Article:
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How to make old-fashioned woodworking joints for vintage chairs.

Old-fashioned joints and techniques were used in old chairs. The doweling method and mortise and tenon joints were the most common ones.

step1: Dowel holes are drilled through both pieces to be joined, which can be a problem if one of them is thicker than the other. A drill bit with a stop collar must be used so that the holes are drilled at equal depth. If a doweling jig is not available, the piece can be held in place with a holdfast or Kreg Jig system, as long as there’s enough space for clamps.

Step 2: A drill bit with a stop collar is also used to drill dowel holes through the other piece, which must be at least as thick as the dowel.

Step 3: When the dowel holes are drilled, glue is applied to one of them, and a dowel pin is pressed into place with a hammer. A brad-pointed workpiece prevents possible splitting by allowing the handle of the hammer to exert pressure on all surfaces.

Step 4: The dowel pin is trimmed flush with the surface using a sharp chisel and sandpaper. Flushing the end of the dowel with sandpaper must be done before inserting it in order to prevent breakage while tapping it into place.

Step 5: A mortise hole is drilled in one piece, and a tenon is cut on the other. A doweling jig or a stop collar is used as a guide for drilling the hole to prevent it from going all the way through.

Step 6: The chisel’s blade should be at a 45-degree angle to size up the mortise. The width of the mortise should be a few thousandths of an inch larger than the tenon.

Step 7: A chisel with a round blade is used to clean out the corners, and then amortize router plane is used to smooth it out. The handle of this plane can also function as a depth gauge. When the piece is finished, it should slide into the mortise with little or no resistance.

A pin nail tenon is used for joining thick pieces together, where dowels are not practical. The exterior of this joint looks like a regular mortise and tenon joints, but it does not go all the way through to the other side.

Step 8: Pin nail tenons are used on pieces that are at least as thick as the nails. A spacer is placed between them, and they must be kept in place by hand or clamps.

Step 9: The workpiece with the pins is rotated 45 degrees so that the chisel can trim along one side of each pin to remove excess material. It is very important to keep the piece in place so that it does not shift while trimming.

Step 10: The chisel’s blade should be at a 45-degree angle when sizing up the tenons, and it must be held perpendicular to the surface when cutting. The length of this joint should be minimal. A router plane is used to clean up the tenons and bring them flush with one another. The handle of the plane can be used as a depth gauge, and its blade lowers or raises against the surface depending on which direction it is moved.

Once all of the woodworking joints have been completed, sanding must begin in order to bring the chair together. The surface of each piece must be smooth and even before the next step, which is veneering.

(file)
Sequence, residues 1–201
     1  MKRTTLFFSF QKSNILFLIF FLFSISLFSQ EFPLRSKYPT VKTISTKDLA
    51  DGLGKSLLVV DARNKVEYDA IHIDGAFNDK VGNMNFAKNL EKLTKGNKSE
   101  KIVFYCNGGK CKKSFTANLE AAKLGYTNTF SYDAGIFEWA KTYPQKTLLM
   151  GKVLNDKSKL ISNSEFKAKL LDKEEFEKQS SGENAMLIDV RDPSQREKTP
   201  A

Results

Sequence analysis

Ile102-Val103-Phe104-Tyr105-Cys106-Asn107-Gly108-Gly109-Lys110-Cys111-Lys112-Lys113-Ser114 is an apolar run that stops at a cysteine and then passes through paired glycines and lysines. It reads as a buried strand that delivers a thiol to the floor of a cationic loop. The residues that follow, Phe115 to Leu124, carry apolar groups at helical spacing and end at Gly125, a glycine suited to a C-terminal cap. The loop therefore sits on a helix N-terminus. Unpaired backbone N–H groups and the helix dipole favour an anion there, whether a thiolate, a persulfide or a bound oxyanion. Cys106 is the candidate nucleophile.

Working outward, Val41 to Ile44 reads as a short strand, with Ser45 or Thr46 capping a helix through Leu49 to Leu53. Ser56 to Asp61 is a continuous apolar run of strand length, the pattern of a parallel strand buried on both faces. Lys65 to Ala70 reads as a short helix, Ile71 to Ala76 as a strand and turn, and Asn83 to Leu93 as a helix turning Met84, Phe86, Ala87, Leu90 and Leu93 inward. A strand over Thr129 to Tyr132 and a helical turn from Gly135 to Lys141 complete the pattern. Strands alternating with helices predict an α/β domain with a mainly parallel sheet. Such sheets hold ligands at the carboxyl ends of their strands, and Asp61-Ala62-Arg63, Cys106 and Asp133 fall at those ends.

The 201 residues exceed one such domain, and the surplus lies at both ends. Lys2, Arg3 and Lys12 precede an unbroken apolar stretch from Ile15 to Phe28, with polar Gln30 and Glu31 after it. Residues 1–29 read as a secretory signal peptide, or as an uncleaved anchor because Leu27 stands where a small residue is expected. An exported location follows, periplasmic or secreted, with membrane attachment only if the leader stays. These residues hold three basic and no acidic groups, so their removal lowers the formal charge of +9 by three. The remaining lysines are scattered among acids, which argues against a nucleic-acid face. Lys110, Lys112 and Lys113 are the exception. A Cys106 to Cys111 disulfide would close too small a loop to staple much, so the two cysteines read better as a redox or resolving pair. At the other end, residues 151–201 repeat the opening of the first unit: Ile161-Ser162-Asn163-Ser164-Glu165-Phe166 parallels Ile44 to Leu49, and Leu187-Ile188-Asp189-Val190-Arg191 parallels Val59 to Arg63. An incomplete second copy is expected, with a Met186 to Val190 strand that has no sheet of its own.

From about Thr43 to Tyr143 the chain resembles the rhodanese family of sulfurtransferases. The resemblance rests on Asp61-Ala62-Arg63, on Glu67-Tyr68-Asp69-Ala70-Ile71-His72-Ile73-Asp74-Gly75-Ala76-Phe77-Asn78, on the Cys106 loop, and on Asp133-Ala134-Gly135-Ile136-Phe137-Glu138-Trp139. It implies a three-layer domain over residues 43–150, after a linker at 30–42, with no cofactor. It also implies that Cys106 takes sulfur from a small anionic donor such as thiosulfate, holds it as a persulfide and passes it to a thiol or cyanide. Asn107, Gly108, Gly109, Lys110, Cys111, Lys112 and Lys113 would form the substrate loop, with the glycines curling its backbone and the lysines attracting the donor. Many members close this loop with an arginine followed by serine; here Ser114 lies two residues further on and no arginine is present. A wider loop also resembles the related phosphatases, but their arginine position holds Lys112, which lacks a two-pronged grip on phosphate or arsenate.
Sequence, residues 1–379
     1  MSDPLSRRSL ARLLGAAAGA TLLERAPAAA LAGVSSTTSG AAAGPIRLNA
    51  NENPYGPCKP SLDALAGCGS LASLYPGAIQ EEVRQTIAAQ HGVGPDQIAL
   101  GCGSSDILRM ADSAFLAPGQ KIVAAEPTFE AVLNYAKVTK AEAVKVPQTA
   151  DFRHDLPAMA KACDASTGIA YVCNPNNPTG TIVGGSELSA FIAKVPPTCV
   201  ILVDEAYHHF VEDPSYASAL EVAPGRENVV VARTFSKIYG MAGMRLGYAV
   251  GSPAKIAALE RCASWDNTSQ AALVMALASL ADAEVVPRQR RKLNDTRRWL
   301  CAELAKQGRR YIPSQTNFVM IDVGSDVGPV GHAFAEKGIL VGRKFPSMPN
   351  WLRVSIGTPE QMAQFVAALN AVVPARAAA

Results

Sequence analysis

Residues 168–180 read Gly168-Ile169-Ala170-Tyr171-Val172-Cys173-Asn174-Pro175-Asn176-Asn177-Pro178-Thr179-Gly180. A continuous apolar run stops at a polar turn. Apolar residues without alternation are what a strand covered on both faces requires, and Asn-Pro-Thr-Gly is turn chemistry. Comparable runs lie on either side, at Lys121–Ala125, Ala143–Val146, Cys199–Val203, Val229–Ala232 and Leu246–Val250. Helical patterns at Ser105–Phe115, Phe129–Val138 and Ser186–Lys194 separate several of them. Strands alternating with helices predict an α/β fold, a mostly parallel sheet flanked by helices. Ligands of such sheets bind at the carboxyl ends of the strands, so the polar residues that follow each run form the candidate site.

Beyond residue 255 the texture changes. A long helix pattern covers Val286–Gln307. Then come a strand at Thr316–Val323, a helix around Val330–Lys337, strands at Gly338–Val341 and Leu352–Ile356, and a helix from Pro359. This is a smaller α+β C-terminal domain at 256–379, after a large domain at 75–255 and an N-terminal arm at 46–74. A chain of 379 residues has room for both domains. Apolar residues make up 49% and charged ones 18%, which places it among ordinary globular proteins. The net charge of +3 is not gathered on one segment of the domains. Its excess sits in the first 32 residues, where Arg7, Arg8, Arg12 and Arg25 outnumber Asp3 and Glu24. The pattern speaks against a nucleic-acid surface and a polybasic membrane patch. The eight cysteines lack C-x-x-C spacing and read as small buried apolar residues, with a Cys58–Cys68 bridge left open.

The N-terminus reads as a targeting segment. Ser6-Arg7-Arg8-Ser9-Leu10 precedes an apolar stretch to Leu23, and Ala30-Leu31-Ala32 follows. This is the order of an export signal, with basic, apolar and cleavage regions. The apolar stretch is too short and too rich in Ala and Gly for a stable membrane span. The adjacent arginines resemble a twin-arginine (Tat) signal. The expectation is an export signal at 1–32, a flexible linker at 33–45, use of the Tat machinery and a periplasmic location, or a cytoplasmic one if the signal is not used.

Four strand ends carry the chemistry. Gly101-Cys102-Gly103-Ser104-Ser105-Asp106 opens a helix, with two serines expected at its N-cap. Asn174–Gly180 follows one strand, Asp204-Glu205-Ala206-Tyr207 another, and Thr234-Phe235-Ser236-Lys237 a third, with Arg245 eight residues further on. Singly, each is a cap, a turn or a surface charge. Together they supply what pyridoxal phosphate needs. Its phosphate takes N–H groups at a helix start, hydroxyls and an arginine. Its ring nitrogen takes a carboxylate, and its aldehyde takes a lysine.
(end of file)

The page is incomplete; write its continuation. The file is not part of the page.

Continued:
woodworking joints used in vintage chair construction.

1. Doweling

2. Mortise and tenon joints

3. Pin nail tenons    (This is a very difficult process)    4. Dovetail joints

(a) Mallet method: used when making dovetails in crooked or crotched wood; the mallet forces the pieces together for strong joinery.

(b) Pinned dovetail joint: is used in making drawers. This is a useful method for beginners because the pinning holds the pieces of wood together, allowing the joinery to be removed if there are mistakes in construction.

5. Dovetailed steel tenons    (used in modern carpenters, since it’s impossible to hand saw a dovetail in steel)

6. Tongue and groove joint

For additional context: This article is a part of the larger “Vintage Chair” section on how common types of joints are used in the construction of various antique chairs.


There are many different types of woodworking joints that can be used between pieces of wood. Each type is useful in certain situations. Dowel joints are strong, easy to construct, and do not require any special equipment. Mortise and tenon joints are strong and durable but require the use of more modern tools such as router tables for creating mortises and a lathe for creating tenons. Pin nail tenon joints have the advantage of being strong but largely require hand tools for construction and are thus mainly used by beginners because it requires less equipment to accomplish accurately. Dovetail joints can make very strong glue connections, especially when glued dowels are used, but require more time to construct accurately. Tongue and groove joints are used for joining pieces of wood where one-piece has a tongue or protrusion on its width. Dovetailing steel tenons is difficult because it cannot be done by hand, but it can make very strong glue connections in steel construction. Each type of joint has pros and cons, but each is useful depending on the needs of the project.

What makes this article complex is the range of old world woodworking joints called for, which require more time and special tools to construct than modern techniques (i.e. dowel joinery vs. biscuits)

What makes this article useful is that it provides information on how to make various types of woodworking joints used in write a blog conclusion on How to make old-fashioned woodworking joints for vintage chairs.

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